Mind you, if the proverbial Martian were to arrive in the land of opportunity nowadays, his antenna would be ringing off the hook about the 65 million white supremacists, which is how some on the left in America now describe anyone who has voted for — or might vote for — the Donald. The thought police are everywhere, and Mao’s Red Guards of the 1960s have nothing on them. These so-called activists don’t address those rap ‘artists’ whose lyrics glorify drug dealing and murder. Any deviation from woke-speak is equivalent to hate speech. Just look at our own J.K. Rowling and the help she got from those she made rich.

The irony is that most people who ended up in America went there in the first place because they were tired of kneeling. Now they’re kneeling all over again — to the mob. My favorite New York story is that of two lawyers, one a Princeton graduate making $250,000 per annum. They were arrested after having made and thrown Molotov cocktails at police cars and are now facing a prison sentence. (I predict they’ll get off.) Why did they risk it? I think it is because they suffer from an overwhelming desire to become woke stars overnight.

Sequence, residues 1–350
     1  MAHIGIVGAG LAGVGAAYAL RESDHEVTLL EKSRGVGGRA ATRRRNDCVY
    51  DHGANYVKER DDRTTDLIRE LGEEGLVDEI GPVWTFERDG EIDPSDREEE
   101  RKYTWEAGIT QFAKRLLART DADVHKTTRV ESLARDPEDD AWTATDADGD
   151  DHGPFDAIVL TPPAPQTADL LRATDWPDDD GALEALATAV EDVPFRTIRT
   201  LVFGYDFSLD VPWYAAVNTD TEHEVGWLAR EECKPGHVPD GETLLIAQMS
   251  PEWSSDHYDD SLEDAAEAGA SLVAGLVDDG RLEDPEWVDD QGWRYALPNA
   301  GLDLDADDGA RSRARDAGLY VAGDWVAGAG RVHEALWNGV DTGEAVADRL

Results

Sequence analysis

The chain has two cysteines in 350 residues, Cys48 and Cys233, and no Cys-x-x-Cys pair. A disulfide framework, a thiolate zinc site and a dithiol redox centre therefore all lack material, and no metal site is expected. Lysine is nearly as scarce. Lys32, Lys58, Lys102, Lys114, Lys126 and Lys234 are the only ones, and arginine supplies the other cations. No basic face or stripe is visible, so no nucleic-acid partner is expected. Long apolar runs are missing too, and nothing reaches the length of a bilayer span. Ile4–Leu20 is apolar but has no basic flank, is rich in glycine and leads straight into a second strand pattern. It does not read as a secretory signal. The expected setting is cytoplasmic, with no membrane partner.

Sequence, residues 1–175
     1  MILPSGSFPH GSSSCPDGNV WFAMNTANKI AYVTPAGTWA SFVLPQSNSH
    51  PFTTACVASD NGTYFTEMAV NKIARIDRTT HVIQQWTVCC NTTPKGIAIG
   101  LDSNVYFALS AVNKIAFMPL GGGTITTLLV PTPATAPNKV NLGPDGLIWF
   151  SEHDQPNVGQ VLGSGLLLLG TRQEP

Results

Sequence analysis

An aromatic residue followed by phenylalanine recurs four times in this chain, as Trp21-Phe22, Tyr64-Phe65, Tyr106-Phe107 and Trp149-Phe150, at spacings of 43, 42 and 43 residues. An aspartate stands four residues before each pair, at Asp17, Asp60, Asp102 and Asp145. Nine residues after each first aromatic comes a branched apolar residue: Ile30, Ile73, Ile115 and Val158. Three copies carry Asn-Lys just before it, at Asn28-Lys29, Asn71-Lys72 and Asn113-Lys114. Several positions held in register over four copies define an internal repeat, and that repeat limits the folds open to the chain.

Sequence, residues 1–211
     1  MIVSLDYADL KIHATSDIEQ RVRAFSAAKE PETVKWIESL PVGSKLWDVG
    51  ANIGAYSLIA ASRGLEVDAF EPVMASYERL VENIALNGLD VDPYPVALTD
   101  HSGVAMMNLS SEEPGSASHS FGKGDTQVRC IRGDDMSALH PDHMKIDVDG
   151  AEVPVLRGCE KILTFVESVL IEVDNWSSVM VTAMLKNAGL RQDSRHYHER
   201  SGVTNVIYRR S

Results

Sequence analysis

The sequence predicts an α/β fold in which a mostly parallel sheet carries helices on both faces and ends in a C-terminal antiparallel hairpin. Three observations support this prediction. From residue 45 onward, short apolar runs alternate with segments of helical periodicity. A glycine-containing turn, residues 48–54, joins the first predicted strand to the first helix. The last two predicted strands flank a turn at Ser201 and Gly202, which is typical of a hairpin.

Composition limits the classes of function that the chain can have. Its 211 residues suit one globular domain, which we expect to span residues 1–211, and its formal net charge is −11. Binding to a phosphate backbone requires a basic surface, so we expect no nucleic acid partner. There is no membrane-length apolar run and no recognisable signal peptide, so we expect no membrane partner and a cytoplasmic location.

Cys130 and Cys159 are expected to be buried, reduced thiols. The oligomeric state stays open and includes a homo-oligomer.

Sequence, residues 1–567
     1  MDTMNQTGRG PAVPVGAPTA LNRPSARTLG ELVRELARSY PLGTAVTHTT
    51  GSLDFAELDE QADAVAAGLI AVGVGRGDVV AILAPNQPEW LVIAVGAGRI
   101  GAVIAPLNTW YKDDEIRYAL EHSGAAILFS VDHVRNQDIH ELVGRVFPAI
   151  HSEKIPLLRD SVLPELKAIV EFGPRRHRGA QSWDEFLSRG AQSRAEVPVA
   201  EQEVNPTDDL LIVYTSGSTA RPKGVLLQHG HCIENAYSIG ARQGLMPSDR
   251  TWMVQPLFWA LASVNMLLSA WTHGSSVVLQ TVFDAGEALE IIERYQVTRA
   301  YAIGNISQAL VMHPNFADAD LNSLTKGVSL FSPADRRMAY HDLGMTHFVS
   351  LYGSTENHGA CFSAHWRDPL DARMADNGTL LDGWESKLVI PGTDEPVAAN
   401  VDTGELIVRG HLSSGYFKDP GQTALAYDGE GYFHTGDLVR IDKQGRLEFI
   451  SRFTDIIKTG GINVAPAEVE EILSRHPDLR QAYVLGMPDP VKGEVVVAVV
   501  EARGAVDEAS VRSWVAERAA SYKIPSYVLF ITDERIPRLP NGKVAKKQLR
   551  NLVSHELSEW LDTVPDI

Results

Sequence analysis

It’s a perfect time for opportunistic lefties, with America regressing into a form of social engineering and the definition of racism expanding ever upwards and outwards.

The idiocy of today’s culture

Robby Soave:

A few years ago, something mildly embarrassing occurred at a Halloween party hosted by a Washington Post cartoonist: A white woman painted her face black and wore a name tag that read “Hello, My Name is Megyn Kelly,” in reference to the TV host’s controversial defense of white people wearing blackface. The intended butt of the joke would appear to be Kelly, not black people. Regardless, several guests approached the woman and explained to her that it was still not OK to wear blackface. The woman reportedly left the party in tears.